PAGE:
In most states, the court only considers pets as property in a divorce during property division. Despite them being living things, the court does not set visitation or treat them any different than other property you own.
According to the DuPage County Bar Association, Illinois is different when it comes to the treatment of pets in a divorce.
Illinois law recognizes pets as living creatures who require more consideration than general property. The law gives the court the ability to consider pets more like it does children.
Courts can award custody of pets. They can make orders about protection for pets to prevent a party from giving away a pet or taking it from the possession of another party. For example, if the court gives you custody or ownership of the family dog and it issues an order that your former spouse can have no contact with the pet, it would be a violation for your former spouse to come to your home and take the pet.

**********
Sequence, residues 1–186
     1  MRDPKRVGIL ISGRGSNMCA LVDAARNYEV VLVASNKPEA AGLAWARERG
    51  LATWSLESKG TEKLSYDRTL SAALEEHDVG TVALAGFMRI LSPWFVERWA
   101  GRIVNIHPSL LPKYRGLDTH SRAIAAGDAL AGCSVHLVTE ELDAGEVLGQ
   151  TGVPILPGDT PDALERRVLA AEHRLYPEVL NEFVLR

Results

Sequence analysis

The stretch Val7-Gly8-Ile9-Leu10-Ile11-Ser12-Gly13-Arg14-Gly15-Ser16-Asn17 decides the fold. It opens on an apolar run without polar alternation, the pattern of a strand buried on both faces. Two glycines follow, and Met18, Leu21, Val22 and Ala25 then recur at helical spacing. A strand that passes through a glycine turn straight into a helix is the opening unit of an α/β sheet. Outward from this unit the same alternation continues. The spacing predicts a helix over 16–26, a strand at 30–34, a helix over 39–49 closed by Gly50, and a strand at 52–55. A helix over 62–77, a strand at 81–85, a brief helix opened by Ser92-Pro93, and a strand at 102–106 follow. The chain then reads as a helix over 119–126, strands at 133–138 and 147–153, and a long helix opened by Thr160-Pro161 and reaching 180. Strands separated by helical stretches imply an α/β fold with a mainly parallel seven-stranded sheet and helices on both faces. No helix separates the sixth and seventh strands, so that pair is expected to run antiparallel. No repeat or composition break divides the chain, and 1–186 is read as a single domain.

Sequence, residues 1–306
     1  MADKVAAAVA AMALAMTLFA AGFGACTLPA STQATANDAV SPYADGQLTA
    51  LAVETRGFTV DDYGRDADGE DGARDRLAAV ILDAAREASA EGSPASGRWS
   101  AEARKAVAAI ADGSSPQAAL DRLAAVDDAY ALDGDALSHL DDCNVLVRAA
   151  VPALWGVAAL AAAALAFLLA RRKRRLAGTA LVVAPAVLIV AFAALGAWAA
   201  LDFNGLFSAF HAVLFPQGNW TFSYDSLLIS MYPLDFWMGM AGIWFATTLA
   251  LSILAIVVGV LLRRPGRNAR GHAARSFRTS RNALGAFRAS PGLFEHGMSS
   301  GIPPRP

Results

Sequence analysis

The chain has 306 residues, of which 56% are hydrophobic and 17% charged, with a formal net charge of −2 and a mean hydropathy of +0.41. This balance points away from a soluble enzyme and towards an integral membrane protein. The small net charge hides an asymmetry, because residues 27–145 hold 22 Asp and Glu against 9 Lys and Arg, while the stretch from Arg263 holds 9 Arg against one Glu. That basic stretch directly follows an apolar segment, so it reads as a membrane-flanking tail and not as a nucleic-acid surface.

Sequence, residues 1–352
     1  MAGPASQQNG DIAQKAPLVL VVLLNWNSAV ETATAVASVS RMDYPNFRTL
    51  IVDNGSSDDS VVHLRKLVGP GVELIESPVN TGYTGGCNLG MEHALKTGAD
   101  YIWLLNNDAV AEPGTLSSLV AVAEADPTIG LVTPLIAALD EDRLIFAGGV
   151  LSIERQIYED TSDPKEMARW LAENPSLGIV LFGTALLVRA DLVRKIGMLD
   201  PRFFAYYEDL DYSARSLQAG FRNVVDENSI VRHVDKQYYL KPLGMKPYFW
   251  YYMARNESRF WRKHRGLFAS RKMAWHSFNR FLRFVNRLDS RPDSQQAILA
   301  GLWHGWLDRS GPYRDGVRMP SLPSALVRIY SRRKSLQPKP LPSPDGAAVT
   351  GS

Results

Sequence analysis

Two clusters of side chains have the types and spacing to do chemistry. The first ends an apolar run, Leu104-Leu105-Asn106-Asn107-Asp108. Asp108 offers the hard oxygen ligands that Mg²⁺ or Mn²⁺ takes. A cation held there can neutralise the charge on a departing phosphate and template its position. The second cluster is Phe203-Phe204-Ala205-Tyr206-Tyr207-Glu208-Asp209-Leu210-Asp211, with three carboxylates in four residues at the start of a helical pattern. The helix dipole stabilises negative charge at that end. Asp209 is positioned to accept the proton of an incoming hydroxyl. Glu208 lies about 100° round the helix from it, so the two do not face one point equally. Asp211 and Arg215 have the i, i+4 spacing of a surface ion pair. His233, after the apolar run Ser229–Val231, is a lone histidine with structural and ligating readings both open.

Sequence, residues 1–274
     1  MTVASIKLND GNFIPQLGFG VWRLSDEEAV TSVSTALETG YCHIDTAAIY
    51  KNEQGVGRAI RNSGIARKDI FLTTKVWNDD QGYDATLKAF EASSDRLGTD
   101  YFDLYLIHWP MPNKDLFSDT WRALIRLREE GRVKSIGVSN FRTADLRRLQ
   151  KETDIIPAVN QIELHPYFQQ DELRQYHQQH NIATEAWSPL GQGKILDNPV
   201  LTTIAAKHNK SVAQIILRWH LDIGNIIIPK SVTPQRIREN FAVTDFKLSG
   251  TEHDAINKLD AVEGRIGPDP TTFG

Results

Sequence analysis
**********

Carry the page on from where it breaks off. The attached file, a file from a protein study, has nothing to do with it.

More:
The court can also award joint ownership or custody just as it would with children. This may require visitation arrangements.
Just as with child custody cases, the court will consider what is best for the pet. It will likely look into general care and the history with the pet to see with whom it would be best off living.
Not all animals
It is important to note that the court will not treat all animals in this way. The law specifies the new requirements and guidelines are only for companion animals. The law defines companion animals as one which you consider a pet. It is rather vague and the court can interpret it as it wants.